In 1545, German humanist N. Gerbelius published an accompanying text to the contemporary map of Nicolaos Sofianos, from Corfu. Gerbelius illustrates his texts with views of cities and other locations connected to the place names on the map. The representation of Thessaloniki is imaginary, congruent with the aesthetic conventions of the time, and tries to convey the grandeur of ancient monuments. The first known representation of the city is thus imaginary, and emphasizes the port and the Muslim buildings.
One of the earliest editions showing costumes and human types, the work by C. Vecellio, includes a characteristic female costume from Thessaloniki. Neither that particular depiction nor the subject were repeated in later similar editions. The editions by J. Enderlin include copies of engravings found in earlier or nearly contemporary popular works (1686).The plates in the work by J. Sandrart (1687) show castles and other location, in their majority under Ottoman rule. Several similar works which highlight the victories of the Venetians against the Ottomans in the Sixth Ottoman-Venetian War (1684-1699) were released during the same period.
“Archipel” (1688), by Flemish publisher Ol. Dapper, is a highly significant historical and geographical treatise, for the wealth of information it provides and its elaborate engravings. Although many of the latter are copied from V.M. Coronelli's editions, Dapper's work includes one of the first realistic depictions of Thessaloniki.
From the 18th century onwards, the antiquities of this city of Northen Greece, so rich in monuments, attracted the attention of travellers and collectors. The grandiose edition by R. Pococke (1761), a blend of the author's personal travel experiences and plagiarized material, includes drawings of those impressive antiquities and ancient sites, such as the now-lost Incantadas monument.
The pioneering multi-volume work by J. Stuart and Ν. Revett, with its diligent measurements, precise depictions of monuments, archaeological observations and travel impressions, provided the public with excellent renderings of details and plan of the Incantadas monument (1794). P.M. Paciaudi's work (1761) shows antiquities that probably ended up in private collections belonging to members of the Venetian nobility. The rich cartographic production of the late 18th century includes the remarkable maps of P.G. Chanlaire (c. 1780), here coloured over. The French diplomat and coin collector E.M. Cousinery illustrated his travel account (1831) with a series of engravings on archaeological subjects, most of which related to modern-day Northern Greece. Although most of the plates in Ed. D. Clarke's work (1816) are mainly of archaeological interest, these engravings are also very valuable for the recomposition of the locations' recent history and the uncommon subjects which they show.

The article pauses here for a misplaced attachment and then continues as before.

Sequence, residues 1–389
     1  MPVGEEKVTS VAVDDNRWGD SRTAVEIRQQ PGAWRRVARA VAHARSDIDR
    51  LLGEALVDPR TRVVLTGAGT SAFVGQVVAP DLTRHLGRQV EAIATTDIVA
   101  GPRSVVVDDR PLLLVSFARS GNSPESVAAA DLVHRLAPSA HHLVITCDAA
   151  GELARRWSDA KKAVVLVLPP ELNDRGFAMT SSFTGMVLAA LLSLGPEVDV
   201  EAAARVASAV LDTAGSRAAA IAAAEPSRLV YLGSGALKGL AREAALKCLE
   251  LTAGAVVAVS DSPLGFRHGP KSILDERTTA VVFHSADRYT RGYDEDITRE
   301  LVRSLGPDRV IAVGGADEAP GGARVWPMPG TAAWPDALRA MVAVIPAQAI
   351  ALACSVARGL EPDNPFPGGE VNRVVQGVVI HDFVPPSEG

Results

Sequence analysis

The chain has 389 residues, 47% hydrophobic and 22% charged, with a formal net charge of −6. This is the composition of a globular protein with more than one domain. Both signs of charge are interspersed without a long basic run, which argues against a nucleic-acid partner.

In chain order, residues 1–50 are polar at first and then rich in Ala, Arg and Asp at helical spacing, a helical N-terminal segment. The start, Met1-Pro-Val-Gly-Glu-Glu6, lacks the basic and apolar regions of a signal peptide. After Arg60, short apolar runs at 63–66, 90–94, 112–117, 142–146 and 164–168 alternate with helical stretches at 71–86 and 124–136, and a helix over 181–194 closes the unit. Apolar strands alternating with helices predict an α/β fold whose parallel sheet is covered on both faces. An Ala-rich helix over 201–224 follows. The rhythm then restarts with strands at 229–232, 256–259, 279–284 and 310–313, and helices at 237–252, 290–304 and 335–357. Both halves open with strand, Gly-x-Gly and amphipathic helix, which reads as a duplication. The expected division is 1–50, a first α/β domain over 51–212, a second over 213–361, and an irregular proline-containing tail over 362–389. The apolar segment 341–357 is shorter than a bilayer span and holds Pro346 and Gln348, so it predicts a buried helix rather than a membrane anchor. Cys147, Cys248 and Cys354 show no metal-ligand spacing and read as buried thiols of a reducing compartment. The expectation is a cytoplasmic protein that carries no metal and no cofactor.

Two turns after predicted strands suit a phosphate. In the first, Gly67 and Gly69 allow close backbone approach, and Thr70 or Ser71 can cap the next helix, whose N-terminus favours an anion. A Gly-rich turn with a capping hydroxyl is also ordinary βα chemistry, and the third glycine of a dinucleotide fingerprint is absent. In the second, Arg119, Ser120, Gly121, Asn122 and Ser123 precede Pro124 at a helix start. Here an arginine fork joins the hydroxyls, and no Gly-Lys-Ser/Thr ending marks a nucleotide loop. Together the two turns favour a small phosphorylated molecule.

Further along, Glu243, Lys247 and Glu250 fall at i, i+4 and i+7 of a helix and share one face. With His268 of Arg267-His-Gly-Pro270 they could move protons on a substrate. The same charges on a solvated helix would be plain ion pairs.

The fact that Thessaloniki and its port occupied a strategic geographic position is confirmed by the inclusion of the area's anchorages in the port index by J. Roux (1804).
In 1864, scholar Ch. Texier, after realizing groundbreaking pioneering archaeological research in Asia Minor, released a work which constituted a landmark in the scholarship of Byzantine monuments. Drawings, plans, views of builidings and architectural details as well as mosaics from monuments in Thessaloniki are published in that edition for the first time. Of special interest are the subjects included in Mary Adelaide Walker's remarkable work (1864).
A coloured lithograph of the port (1850) can be found in a contemporary album (Piraeus and Ports). The work by Al. Van den Brule (1907), which includes chapters on Greece and Greek politics in the early 20th century, includes photographs of Thessaloniki with rare views.
The Album of 1984 includes rare and very interesting wood engravings taken from the pioneering weekly review “The Illustrated London News” (1842-1885) and the similarly themed magazine “The Graphic” (1869-1885). The plates depict locations, people and events (political, social and military), from 1842 to 1885. The few photographs which illustrate the work of J.Fr. Abbott (1903), which in contrast is very rich in written information, are of considerable interest as images from Northen Greece during that period are quite uncommon
Finally, the Album by G. Patieridis / K. Stamatis (2007) is the most comprehensive known collection of images from Thessaloniki from the 15th to the 19th century. One is able to follow the city's history through a variety of pictures (engravings and photographs), such as maps, port maps, views of the city and its monuments, antiquities, churches, depictions of political events, snapshots from everyday public and private life, costumes, portraits and even caricatures, gathered from travel accounts and mostly 19th century press (newspapers and journals).
Written by Ioli Vingopoulou